To look out into Bangladesh’s horizon, or to conjure up a vision for the future, if one might call it so, first just look at the shoreline of nearly four decades. I see a nation that has failed its majority. Yes, Bangladesh has seen many gains. I see that economic growth has been handsome over a decade, breeding more and more inequality. I have been told by many a ‘realist’ economist, invariably citing their favourite academic icing on the cake – the Kuznet’s curve, that since the country is developing fast there will be economic inequality but after a ‘critical average income’ is reached it will come down. I have read so many reports, and reported on so many studies, which show how social indicators have picked up in Bangladesh much better than most other South Asian countries. I can probably effortlessly recite a long list in my head of the many development ‘interventions’ that have promised, and partially delivered, their ‘prescribed’ goals of uplifting the masses. But looking into the future, into a decade that will see Bangladesh no longer remaining a ‘young’ nation anymore, Bangladesh is showcasing a troubling reality. Each of us might have our own detailed vision for Bangladesh. For me – a chronicler and purveyor of the lives of others – it’s a rather simple, and maybe grand, one: an egalitarian Bangladesh.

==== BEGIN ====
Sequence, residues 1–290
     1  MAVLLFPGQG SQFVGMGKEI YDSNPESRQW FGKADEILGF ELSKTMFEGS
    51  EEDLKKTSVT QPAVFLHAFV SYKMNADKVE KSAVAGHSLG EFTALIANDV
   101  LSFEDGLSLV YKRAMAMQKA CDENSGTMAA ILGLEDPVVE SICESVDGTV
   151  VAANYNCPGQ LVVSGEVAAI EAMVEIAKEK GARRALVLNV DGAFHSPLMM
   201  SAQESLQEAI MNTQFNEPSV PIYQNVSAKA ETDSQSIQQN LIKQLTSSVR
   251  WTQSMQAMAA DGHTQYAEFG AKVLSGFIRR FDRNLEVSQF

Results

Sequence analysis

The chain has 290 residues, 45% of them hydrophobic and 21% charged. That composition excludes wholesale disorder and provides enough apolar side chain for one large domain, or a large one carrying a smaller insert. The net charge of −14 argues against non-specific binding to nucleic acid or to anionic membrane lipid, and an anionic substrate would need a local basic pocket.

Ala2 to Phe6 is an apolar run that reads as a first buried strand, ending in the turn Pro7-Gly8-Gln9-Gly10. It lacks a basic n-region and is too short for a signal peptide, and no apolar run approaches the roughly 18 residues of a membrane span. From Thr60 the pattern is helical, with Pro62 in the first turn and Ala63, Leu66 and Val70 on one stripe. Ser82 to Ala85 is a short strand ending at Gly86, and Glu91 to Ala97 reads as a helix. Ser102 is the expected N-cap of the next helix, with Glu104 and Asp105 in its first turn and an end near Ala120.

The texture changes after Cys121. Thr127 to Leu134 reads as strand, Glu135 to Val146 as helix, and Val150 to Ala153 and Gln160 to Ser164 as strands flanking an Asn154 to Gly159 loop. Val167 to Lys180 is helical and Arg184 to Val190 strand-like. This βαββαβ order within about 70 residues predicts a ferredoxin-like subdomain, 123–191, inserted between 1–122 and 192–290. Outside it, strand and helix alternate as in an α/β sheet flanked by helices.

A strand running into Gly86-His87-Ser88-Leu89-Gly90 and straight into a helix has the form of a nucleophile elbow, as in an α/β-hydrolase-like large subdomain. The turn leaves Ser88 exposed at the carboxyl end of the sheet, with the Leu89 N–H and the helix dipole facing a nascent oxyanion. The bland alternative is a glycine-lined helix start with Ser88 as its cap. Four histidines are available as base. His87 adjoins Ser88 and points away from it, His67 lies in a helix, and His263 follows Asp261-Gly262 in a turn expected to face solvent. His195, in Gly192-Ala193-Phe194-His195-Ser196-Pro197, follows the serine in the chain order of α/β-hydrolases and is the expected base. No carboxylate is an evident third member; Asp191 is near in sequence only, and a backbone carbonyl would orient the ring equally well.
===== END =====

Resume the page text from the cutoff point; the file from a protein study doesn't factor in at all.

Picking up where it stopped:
Bangladesh is yet to exhibit an equitable system of social, economic and political justice. Evidently, Bangladesh is yet to ensure that its silent majority have real political say, where political power is virtually not held hostage by a class that increasingly resembles an island in the sea of people, and a system where the people are not told upon as to what is the correct way to govern them. A Bangladesh where the economic opportunities created on the hard work of the majority will be enjoyed by the few is counter-intuitive. The possibility that Mridha’s grandsons might not get the chance of the best education that the country has to offer just because they live beside the paddy fields of Joyshara goes against what the common man would expect of their country. And frankly, I would not like to carry the burden that my viral flu will be treated by a specialist taking a fee equivalent to several days income of a labourer, while a young mother helplessly watches her child die in the balcony of a remote Thana Health Complex. The list is too long, and too emotive. While these, and other painful questions, need to be addressed, first and foremost, every Bangladeshi should be shown the simplest of human dignities, which a rickshawpuller is not shown on the streets of Dhaka. He cannot be slapped around by a traffic constable because he pulled into a VIP road. No matter how fast the engines of Bangladesh’s economy grow, or how many ‘good’ laws it makes, I should not have to look into his eyes again and see the bewildered look of not knowing whether we are fellow men of a nation or citizens of two very different states.